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Arts and Humanities
Terms in this set (55)
the device of using character and/or story elements symbolically to represent an abstraction in addition to the literal meaning
the repetition of sounds, especially initial constants in tow ore more neighboring words (as in she sells sea shells)
a direct or indirect reference to something which is presumably commonly know, such as an event, book, myth, place, or work of art
The multiple meanings, either intentional or unintentional, of a word, phrase, sentence, or passage.
figure of balance in which two contrasting ideas are intentionally juxtaposed, usually through parallel structure; a contrasting of opposing ideas in adjacent phrases, clauses, or sentences
A similarity or comparison between two different things or the relationship between them.
A terse statement of known authorship which expresses a general truth or a moral principle.
A figure of speech that directly addresses an absent or imaginary person or a personified abstraction, such as liberty or love.
consists of omitting conjunctions between words, phrases, or clauses
the use of slang or informalities in speech or writing
A fanciful expression, usually in the form of an extended metaphor or surprising analogy between seemingly dissimilar objects.
The nonliteral, associative meaning of a word; the implied, suggested meaning.
The strict, literal, dictionary definition of a word, devoid of any emotion, attitude, or color.
Repetition of a word or phrase after an intervening word or phrase
a writer's word choices
A figure of speech in which two successive phrases or clauses are parallel in syntax, but reverse the order of the analogous words.
intellectually amazing language that surprises and delights
any serious talk, speech, or lecture involving moral or spiritual advice
the ironic minimizing of fact
the sentence or a group of sentences that directly expresses the author's opinion, purpose, meaning, or position
a more agreeable or less offensive substitute for a generally unpleasant word or concept
A figure of speech using deliberate exaggeration or overstatement.
anything that represents itself and stands for something else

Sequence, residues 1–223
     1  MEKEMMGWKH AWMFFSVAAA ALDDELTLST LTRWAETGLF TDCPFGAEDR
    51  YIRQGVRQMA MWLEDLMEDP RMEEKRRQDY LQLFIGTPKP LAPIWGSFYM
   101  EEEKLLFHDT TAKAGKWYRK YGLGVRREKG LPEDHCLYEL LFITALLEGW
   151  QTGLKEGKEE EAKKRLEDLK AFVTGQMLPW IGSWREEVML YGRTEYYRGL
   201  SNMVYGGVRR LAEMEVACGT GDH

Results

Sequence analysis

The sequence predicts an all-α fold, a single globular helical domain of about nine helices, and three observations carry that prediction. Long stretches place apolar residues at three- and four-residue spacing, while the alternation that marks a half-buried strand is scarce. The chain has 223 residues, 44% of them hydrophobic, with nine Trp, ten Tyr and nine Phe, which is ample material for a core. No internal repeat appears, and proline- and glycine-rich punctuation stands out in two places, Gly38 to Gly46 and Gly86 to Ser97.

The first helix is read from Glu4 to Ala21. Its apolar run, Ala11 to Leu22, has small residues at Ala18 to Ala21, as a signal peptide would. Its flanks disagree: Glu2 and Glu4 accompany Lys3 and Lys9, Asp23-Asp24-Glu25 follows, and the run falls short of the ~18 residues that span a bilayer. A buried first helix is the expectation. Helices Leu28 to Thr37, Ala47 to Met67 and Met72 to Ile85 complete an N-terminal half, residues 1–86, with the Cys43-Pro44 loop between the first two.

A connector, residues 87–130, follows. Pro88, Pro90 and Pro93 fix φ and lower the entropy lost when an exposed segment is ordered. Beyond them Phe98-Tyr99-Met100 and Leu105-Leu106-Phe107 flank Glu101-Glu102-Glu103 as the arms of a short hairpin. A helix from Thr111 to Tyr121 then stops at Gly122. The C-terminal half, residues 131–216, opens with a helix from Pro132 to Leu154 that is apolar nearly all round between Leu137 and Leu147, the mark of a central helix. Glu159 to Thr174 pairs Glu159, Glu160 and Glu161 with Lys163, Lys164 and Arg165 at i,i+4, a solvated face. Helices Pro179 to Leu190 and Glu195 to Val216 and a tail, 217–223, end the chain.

An emotionally violent, verbal denunciation or attack using strong, abusive language.
A type of metaphor in which the part stands for the whole
the listing or detailing of the parts of something.
A work that targets human vices and follies or social institutions and conventions for reform or ridicule.
a deductive system of formal logic that presents two premises that inevitably lead to a sound conclusion
This term describes the principles governing the art of writing effectively, eloquently, and persuasively.
type of question that does not require an answer
A work that closely imitates the style or content of another with the specific aim of comic effect and/or ridicule.
An adjective that describes words, phrases, or general tone that is overly scholarly, academic, or bookish.
raising and responding to one's own question
the sensory details or figurative language used to describe , arouse emotion, or represent abstractions.
The duplication, either exact or approximate, of any element of language, such as a sound, word, phrase, clause, sentence, or grammatical pattern.
The deliberate use of a series of conjunctions in successive words or clauses
the contrast between what is stated explicitly and what is really meant
type of sentence that saves its main clause until the end
A figure of speech in which the author presents or describes concepts, animals, or inanimate objects by endowing them with human attributes or emotions.
When two words, phrases, images, ideas are placed close together or side by side for comparison or contrast.
a figure of thought in which a point is affirmed by negating its opposite
bitter, caustic language that is meant to hurt or ridicule someone or something
type of sentence where the main idea comes first followed by additional information in the form of independent grammatical units.
a figure of speech using implied comparison of seemingly unlike things or the substitution of one or more for the other, suggesting some similarity
The arrangement of words in a sentence.
the central idea or message of a work
A figure of speech in which the name of one subject is substituted for that of another closely associated with it
the grammatical or rhetorical framing of words, phrases, sentences, or paragraphs to give structural similarity
the authors attitude toward the material, audience, or both.
a figure of speech wherein the author groups apparently contradictory terms to suggest a paradox
a word or phrase that links different ideas
A statement that appears to be self-contradictory or opposed to common sense but upon closer inspection contains some degree of truth or validity.
The telling of a story or an account of an event or series of events.
a figure of speech in which natural sounds are imitated in the sounds of words.
An attitude that may lie under the ostensible tone of the piece.
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